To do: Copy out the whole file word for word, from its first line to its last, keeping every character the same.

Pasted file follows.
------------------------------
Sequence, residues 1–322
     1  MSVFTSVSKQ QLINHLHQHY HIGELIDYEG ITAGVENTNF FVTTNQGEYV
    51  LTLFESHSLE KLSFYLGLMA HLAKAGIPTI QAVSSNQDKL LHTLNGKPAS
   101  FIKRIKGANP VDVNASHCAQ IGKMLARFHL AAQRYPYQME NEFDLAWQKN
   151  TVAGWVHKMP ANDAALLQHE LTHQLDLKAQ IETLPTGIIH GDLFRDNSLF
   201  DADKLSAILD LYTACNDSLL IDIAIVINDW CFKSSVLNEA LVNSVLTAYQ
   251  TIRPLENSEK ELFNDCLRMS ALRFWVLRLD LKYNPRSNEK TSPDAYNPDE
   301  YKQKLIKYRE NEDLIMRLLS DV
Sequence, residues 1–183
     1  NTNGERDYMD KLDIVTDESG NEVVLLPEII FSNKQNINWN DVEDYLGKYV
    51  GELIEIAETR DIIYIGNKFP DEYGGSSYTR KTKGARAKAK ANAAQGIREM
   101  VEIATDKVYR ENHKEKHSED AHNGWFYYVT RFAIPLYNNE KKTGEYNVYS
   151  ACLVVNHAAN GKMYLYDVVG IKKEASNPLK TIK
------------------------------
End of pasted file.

Sequence, residues 1–322
     1  MSVFTSVSKQ QLINHLHQHY HIGELIDYEG ITAGVENTNF FVTTNQGEYV
    51  LTLFESHSLE KLSFYLGLMA HLAKAGIPTI QAVSSNQDKL LHTLNGKPAS
   101  FIKRIKGANP VDVNASHCAQ IGKMLARFHL AAQRYPYQME NEFDLAWQKN
   151  TVAGWVHKMP ANDAALLQHE LTHQLDLKAQ IETLPTGIIH GDLFRDNSLF
   201  DADKLSAILD LYTACNDSLL IDIAIVINDW CFKSSVLNEA LVNSVLTAYQ
   251  TIRPLENSEK ELFNDCLRMS ALRFWVLRLD LKYNPRSNEK TSPDAYNPDE
   301  YKQKLIKYRE NEDLIMRLLS DV
Sequence, residues 1–183
     1  NTNGERDYMD KLDIVTDESG NEVVLLPEII FSNKQNINWN DVEDYLGKYV
    51  GELIEIAETR DIIYIGNKFP DEYGGSSYTR KTKGARAKAK ANAAQGIREM
   101  VEIATDKVYR ENHKEKHSED AHNGWFYYVT RFAIPLYNNE KKTGEYNVYS
   151  ACLVVNHAAN GKMYLYDVVG IKKEASNPLK TIK